Professor John Schofield, Archaeologist, Lecturer and Part-time DJ
The way I think about heritage has changed. Some thirty years ago I completed a PhD in Archaeology, started work on heritage protection for English Heritage and went to occasional gigs to relax. I think Girlschool at the Ipswich Gaumont was my first, with some very early Pogues gigs following soon after. But these two things were separate – work and play.
Now, I have come to share an increasingly pervasive view that heritage has a much broader definition – incorporating: the past all around us in its many tangible and intangible forms; the influence it has had on places we inhabit and use today; and how it shapes the future. Music is a significant part of that heritage. Being an archaeologist has ensured I see society and its diverse manifestations in the round. Thus, for me music (like the heritage of which it is a part) is opera and ballet (the high arts, as traditionally described) but also gigs in smaller venues, such as here at the Crescent in York – a former Working Men’s Club.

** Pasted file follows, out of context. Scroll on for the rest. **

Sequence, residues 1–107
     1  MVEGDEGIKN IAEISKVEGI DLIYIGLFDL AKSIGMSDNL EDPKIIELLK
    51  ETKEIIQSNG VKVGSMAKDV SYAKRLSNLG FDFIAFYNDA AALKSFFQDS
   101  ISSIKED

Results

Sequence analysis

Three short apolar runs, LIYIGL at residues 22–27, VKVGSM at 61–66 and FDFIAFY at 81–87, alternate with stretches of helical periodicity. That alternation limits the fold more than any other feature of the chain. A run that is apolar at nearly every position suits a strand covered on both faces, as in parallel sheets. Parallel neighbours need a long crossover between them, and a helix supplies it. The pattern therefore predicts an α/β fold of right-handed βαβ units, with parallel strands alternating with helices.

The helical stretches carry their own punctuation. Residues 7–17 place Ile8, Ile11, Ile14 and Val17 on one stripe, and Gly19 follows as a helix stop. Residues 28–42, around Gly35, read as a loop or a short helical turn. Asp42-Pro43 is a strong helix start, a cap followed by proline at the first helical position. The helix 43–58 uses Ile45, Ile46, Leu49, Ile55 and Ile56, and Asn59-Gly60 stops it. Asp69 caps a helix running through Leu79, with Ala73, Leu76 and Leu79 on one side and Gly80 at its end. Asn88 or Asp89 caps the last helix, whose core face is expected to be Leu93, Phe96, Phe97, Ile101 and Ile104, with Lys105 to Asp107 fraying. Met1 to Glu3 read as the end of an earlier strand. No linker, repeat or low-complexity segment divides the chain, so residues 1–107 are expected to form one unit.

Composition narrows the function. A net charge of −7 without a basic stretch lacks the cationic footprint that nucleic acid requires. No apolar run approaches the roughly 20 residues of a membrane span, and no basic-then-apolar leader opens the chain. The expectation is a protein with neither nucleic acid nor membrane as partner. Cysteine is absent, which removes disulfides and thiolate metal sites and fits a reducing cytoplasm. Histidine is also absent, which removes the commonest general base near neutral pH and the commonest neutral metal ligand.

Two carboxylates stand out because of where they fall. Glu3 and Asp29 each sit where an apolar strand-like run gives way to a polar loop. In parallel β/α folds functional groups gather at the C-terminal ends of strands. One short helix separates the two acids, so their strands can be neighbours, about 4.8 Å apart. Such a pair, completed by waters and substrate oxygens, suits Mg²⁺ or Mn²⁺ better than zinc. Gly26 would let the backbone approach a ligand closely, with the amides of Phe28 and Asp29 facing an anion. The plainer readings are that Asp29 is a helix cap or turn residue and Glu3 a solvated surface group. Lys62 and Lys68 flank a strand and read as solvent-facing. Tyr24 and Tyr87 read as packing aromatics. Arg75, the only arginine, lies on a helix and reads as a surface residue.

Architecturally this may be interesting and everyday rather than glamorous and iconic, yet as a venue it is fabulous – great sound, a vibrant atmosphere, and a good space in which to enjoy live music. York is fortunate in having a few such venues, and the fact it also has a great music scene can be no coincidence.
Heritage is an ecosystem – everything is linked together to create a living and socially meaningful whole. York is a heritage city. But we shouldn’t forget that heritage is not just about the past, or about great buildings. It is also about the everyday, the present and the future; and it is both tangible and intangible – places and activities; objects and traditions. All these things come together here at the Crescent, especially on gig nights!